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Budget Expectations: Personal Finance

30 Jan 2022 , 12:52 AM

The 3 segments of the Indian economy that await the Union Budget with bated breath are the salaried class, the small businesses and the pensioners. The focus is on direct tax benefits. Tax exemptions and tax breaks have a direct and salutary impact on investments and consumption. As the government looks to recharge the Indian economy through a consumption thrust, here is what people are expecting from the budget.

Key expectations on direct taxes and personal finance

The expectation is that the government will use the Budget to re-ignite consumption in the Indian economy. Here is how.

  1. The basic exemption limit of Rs2.50 lakhs is likely to be raised in this budget to Rs5 lakhs. Currently, incomes up to Rs5 lakhs are exempt via rebates, anybody with annual income above Rs2.50 lakhs still needs to file tax returns. This would go a long way in providing tax and process relief. The alternate tax model is not attractive as the number of slabs are too many and losing all exemptions and rebates is not productive.
  2. The Section 80C is overdue for a revamp. The exemption limit of Rs1.50 lakhs was last set more than 15 years ago and lost its meaning. A lot of assets are covered including PPF, CPF, Long term deposits, ELSS, insurance, ULIP etc. However, the overall limit is too low. There have been demands for carving out specific limits for ELSS, DLSS, insurance etc. That would not be too useful. The budget must enhance the overall Section 80C limit from Rs1.50 lakhs to Rs5 lakhs to make it meaningful.
  3. Home loan exemptions under Section 24 of the Income Tax Act must be linked to the cost of housing. The current limit of Rs2 lakhs pre-supposes home prices that are not practical in most cities. Hence home buyers do not get full exemption. There is a time-bound additional exemption of Rs1.50 lakhs under Section 80EEA which expires in 2022. The Budget can enhance the limit to Rs5 lakhs from Rs2 lakhs so that home buyers can avail full benefits. The principal component can continue under Section 80C.
  4. Time to get rid of LTCG tax to boost capital market participation. The proliferation of demat accounts indicate that retail is latching on to stock markets. Today, there is STT on equity transactions, STCG tax, LTCG tax and tax on dividends. In short, equity returns are becoming unattractive in post-tax terms. The STT is likely to continue as it generates over $2 billion each year. While STCG tax can stay on at 15%, the LTCG must be done away with to encourage a long term investment culture. Also, there are too many classifications of LTCG, that need to be standardized.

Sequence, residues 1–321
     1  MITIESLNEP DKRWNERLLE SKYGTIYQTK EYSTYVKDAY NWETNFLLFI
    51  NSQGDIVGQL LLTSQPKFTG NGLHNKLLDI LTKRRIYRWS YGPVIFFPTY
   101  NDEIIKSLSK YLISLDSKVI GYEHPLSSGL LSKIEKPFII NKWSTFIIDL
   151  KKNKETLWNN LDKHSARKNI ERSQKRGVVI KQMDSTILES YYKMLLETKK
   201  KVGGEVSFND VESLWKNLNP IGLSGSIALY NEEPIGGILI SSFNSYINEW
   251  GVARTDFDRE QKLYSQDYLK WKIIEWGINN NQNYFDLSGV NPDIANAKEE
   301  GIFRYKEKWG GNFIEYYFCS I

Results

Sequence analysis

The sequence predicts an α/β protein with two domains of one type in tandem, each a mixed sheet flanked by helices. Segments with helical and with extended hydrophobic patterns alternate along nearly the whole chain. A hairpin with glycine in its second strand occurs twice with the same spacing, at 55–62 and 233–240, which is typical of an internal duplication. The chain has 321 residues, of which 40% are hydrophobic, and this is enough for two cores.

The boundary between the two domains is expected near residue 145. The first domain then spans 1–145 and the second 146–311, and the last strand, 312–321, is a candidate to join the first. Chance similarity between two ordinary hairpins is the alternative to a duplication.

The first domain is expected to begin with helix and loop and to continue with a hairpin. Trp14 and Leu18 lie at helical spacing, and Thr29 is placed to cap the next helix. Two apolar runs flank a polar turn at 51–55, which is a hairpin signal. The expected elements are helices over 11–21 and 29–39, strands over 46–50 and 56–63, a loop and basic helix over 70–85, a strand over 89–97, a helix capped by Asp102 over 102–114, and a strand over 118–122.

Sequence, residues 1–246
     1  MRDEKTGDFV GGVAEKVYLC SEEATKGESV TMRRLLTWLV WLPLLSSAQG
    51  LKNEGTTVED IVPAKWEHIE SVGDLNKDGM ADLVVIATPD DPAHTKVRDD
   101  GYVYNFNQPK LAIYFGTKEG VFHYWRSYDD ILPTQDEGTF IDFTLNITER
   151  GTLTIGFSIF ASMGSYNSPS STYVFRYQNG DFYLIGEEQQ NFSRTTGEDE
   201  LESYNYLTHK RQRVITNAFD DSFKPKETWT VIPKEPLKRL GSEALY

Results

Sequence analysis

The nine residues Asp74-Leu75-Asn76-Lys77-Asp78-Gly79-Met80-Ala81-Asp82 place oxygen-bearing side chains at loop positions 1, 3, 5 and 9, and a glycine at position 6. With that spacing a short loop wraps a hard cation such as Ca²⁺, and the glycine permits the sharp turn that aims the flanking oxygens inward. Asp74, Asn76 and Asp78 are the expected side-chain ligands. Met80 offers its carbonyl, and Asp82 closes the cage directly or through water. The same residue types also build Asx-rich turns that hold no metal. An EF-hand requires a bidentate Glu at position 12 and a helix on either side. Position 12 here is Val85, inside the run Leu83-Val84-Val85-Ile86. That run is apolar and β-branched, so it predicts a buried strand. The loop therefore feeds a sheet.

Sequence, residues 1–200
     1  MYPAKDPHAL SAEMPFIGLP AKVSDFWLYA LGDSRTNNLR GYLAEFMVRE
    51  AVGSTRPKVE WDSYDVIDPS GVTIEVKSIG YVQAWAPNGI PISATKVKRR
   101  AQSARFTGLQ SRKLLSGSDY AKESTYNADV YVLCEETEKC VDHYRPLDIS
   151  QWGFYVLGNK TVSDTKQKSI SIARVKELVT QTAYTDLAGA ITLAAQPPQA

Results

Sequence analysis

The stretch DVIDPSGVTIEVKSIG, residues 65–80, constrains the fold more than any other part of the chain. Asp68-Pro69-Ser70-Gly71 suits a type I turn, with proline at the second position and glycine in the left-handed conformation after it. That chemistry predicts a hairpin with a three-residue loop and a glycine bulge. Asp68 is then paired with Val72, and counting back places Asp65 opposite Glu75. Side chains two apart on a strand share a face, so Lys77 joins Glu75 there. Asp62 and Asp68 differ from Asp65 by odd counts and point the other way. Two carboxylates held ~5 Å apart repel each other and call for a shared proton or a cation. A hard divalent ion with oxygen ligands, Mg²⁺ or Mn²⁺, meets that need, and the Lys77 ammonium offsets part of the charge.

5. Making health insurance affordable is a priority after COVID-19. Unfortunately, due to enhanced risks, the costs have gone up. One thing to do is to cut the GST on health insurance premiums from 18% to 5% to make them more affordable. Also, the current Section 80D exemptions of Rs25,000 for those under 60 and Rs50,000 for senior citizens; must be enhanced to Rs50,000 and Rs75,000 respectively. In a country where social security cover is almost absent, reasonable health insurance is a must.
  6. It is time for workable tax breaks on education. The current exemption under Section 80E for interest on education loan does not have an upper limit but the tenure is limited to 8 years. That needs to be increased to 15 years, at least. Most banks are unwilling to give education loans and the cost of a typical education loan is more than a car loan. Government can offer a 5% interest subsidy on education loans to make it affordable. Also, for parents remitting fees for tuitions and hostel fees of children, remittances above Rs7 lakhs a year is liable for TCS at 5%. The limit must be raised to Rs.1 crore.
  7. Fuel prices have gone through the roof. The budget needs to bite the bullet and bring petrol and diesel under GST. It will take away the cascading effect of taxes and make petrol and diesel substantially cheaper, boosting household budgets.
  8. The raising of income exemption limit to Rs5 lakh is already there in an indirect form. Hence the government can provide real relief by enhancing the standard deduction from the current Rs50,000 to Rs100,000. That is likely to prise open a lot of consumption.
  9. Just like dearness allowance is inflation adjusted, the budget must put in place a system wherein even exemption limits are pegged to inflation and revised automatically every 3 years based on this index. It would make the budget tasks much easier.
  10. Lastly, small businesses need relief. MSMEs are the backbone of the Indian economy in terms of job creation and exports. However, many MSMEs are structured as proprietorships, partnerships or LLPs. Hence they pay peak 35% taxes compared to corporates that now pay between 15% and 25%. Also, the presumptive scheme for small businesses has a turnover limit of Rs.50 lakhs, which must be hiked to Rs.1 crore.
Budget 2022-23 is expected to give the much needed boost to people’s personal finances. With a slew of elections coming up, people friendly reforms will be both economically and politically sagacious.

Related Tags

  • Budget
  • Budget expectations
  • personal finance
  • tax benefits
  • Tax exemptions
  • Union Budget
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